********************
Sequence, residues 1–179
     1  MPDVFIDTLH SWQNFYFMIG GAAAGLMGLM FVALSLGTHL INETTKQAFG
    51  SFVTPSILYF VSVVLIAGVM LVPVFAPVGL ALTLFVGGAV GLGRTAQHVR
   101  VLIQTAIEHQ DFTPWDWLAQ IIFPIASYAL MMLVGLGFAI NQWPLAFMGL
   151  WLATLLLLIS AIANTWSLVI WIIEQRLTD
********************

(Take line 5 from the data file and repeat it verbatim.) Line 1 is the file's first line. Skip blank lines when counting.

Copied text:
   151  WLATLLLLIS AIANTWSLVI WIIEQRLTD